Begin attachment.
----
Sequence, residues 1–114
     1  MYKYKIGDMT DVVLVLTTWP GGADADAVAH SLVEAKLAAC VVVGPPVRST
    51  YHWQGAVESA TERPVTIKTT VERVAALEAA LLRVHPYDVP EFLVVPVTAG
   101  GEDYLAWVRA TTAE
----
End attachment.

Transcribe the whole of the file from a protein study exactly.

Sequence, residues 1–114
     1  MYKYKIGDMT DVVLVLTTWP GGADADAVAH SLVEAKLAAC VVVGPPVRST
    51  YHWQGAVESA TERPVTIKTT VERVAALEAA LLRVHPYDVP EFLVVPVTAG
   101  GEDYLAWVRA TTAE